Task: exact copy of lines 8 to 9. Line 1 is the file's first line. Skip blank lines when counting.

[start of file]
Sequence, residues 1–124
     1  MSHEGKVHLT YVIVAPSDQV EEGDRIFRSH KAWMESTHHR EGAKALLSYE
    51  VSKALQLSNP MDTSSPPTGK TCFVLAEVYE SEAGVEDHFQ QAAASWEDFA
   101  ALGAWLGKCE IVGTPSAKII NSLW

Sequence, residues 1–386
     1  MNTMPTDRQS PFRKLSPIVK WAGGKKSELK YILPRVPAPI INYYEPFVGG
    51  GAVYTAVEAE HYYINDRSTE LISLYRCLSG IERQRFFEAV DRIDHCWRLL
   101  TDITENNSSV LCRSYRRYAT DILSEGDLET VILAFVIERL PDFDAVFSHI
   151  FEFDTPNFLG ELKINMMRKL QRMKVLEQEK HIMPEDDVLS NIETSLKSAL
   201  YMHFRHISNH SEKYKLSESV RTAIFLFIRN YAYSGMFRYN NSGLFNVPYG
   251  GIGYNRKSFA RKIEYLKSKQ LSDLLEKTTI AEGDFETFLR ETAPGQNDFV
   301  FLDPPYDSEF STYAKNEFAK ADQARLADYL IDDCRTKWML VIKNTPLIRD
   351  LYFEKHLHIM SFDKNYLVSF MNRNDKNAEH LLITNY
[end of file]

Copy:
   101  TDITENNSSV LCRSYRRYAT DILSEGDLET VILAFVIERL PDFDAVFSHI
   151  FEFDTPNFLG ELKINMMRKL QRMKVLEQEK HIMPEDDVLS NIETSLKSAL